It’s Kind of a Funny Story (2010)
This brilliant coming-of-age piece should be the rigid standard by which Zach Galifianakis attempts to emulate with all his future work. Albeit, not the central protagonist, he shines brighter than any comedic ventures he has ever taken part in. Following the second instalment of The Hangover, I find his particular style of comedy to be quite exhaustive and repetitive. Also, I just love when typecast comedic actors stray from their comfort zone and bring us something totally different. The best example one can consult is Robin Williams in the unsettlingly creepy One Hour Photo (2002). Keir Gilchrist and Emma Roberts also have some really enviable on-screen chemistry, it really makes me wonder as to why neither stars have made better use of their talents so far.
The Way Way Back (2013)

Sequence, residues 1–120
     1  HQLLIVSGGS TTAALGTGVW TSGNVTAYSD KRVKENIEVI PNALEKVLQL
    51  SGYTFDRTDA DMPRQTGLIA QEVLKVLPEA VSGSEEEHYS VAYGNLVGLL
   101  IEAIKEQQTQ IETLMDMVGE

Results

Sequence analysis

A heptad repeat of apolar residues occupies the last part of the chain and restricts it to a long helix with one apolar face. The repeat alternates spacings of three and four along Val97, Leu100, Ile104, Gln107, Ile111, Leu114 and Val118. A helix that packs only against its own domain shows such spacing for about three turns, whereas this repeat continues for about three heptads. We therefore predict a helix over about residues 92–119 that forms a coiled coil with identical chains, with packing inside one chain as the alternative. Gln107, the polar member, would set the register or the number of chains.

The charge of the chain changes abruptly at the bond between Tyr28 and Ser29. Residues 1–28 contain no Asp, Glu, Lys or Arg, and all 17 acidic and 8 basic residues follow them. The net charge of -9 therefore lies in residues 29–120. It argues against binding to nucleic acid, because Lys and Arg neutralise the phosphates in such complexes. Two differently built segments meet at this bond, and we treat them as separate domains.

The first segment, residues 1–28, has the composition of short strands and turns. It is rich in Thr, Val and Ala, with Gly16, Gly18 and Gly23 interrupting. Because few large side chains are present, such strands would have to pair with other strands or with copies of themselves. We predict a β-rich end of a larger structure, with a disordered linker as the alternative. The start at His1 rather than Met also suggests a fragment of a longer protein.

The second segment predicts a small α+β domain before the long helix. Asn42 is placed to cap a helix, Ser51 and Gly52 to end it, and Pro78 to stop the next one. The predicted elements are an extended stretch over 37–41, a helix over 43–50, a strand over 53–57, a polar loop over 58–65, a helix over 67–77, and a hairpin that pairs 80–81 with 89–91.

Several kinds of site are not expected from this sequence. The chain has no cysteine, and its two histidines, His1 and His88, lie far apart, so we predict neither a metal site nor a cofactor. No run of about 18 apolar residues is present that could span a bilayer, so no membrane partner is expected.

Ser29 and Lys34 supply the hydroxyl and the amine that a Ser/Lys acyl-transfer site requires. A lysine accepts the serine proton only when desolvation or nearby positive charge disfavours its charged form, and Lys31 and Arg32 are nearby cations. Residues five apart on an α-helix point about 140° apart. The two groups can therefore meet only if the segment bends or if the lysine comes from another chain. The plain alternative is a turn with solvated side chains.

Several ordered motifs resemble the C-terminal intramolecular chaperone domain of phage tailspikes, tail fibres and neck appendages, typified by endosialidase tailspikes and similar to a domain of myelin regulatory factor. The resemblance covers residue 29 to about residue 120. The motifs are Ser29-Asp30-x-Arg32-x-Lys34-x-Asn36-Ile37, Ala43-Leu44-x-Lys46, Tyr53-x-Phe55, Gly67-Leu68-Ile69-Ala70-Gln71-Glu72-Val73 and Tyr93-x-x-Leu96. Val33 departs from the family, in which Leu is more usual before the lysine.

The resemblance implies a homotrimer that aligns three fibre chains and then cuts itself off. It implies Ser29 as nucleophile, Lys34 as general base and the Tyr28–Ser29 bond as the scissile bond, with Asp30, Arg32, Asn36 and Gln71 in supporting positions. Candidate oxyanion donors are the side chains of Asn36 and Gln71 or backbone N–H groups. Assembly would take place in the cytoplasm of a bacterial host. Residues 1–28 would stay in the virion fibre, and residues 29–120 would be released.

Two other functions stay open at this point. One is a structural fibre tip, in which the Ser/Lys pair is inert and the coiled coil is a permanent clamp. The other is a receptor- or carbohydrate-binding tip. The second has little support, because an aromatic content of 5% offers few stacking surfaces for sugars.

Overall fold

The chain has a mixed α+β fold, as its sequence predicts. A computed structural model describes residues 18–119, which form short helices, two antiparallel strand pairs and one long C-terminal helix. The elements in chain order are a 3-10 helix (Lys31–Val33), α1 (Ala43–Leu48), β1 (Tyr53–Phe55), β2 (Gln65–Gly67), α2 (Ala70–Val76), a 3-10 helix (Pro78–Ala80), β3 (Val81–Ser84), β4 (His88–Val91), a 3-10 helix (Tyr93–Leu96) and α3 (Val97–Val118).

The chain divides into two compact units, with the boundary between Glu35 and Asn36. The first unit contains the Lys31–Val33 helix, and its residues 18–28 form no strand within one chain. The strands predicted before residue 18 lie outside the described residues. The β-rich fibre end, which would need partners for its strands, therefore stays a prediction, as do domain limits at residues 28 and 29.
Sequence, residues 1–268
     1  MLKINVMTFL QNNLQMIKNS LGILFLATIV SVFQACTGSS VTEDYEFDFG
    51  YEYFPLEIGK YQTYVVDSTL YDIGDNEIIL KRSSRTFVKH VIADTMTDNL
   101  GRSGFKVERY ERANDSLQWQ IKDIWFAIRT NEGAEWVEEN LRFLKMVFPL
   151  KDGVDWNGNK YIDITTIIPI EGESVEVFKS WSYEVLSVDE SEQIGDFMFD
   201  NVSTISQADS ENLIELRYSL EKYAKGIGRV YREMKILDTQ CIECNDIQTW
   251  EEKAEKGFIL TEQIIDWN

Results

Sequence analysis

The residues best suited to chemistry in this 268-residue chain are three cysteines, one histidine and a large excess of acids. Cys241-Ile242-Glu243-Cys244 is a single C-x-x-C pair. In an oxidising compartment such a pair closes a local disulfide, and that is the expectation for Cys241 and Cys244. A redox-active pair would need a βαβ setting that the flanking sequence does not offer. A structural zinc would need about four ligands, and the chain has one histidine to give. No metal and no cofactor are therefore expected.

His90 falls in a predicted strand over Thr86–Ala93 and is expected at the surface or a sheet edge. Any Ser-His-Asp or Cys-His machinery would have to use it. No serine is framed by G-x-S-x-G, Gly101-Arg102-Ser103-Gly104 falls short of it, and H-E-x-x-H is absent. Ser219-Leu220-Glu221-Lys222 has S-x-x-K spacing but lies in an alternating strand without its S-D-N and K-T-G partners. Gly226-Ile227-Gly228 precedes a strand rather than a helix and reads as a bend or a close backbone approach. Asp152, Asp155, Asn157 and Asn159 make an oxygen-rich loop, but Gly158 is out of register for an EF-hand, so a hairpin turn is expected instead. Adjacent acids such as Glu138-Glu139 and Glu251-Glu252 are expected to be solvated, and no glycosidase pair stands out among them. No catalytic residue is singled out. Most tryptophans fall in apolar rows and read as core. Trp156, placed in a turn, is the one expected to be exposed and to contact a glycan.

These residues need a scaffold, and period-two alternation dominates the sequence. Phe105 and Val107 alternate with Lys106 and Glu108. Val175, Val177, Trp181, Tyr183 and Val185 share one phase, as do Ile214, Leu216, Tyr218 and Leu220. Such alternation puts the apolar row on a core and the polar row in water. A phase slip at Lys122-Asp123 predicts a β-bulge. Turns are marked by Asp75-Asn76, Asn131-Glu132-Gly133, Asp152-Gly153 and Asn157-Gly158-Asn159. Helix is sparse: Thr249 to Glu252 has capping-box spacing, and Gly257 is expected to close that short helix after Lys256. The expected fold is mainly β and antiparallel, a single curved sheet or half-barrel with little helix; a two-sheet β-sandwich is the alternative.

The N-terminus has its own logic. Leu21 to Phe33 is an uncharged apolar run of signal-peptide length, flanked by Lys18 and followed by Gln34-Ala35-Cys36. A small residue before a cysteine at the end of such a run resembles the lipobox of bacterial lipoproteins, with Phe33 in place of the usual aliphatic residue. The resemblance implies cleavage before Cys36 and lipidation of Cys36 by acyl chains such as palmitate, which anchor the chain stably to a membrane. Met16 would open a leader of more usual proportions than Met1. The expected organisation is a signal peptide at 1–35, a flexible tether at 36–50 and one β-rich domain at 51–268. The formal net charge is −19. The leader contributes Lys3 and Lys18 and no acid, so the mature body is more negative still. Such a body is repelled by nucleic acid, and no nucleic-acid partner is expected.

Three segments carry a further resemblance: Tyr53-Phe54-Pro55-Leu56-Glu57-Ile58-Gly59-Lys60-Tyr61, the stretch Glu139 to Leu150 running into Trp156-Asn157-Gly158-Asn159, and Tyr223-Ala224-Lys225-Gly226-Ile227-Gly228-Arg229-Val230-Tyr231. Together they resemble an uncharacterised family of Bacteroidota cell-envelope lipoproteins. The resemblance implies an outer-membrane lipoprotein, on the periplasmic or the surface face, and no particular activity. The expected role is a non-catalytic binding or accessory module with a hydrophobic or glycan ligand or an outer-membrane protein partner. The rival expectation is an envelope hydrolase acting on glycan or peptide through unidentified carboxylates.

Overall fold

One of my favourite films of last year, which unfortunately didn’t get the credit it deserved – at least not in this country. Another coming-of-age film, so powerful in its simplicity, that I feel it can rival the finesse of The Perks of being a Wallflower (2013). One of the fantastic and well thought out features is the apparent role reversal between the adults and the teenagers. Steve Carrell does a great job of being a jerk; it boggles the mind as to why he doesn’t attempt to reach these heights more often. For me, typecasting is partly self-inflicted. Sam Rockwell also hands in his best performance to date; he is very underrated in mainstream cinema. One quick recollection of his filmography, and one is enraged that he hasn’t quite reached the heights of the A-List stratosphere. Or perhaps that’s a good thing, especially since we’re getting treated to performances like this and Seven Psychopaths (2012).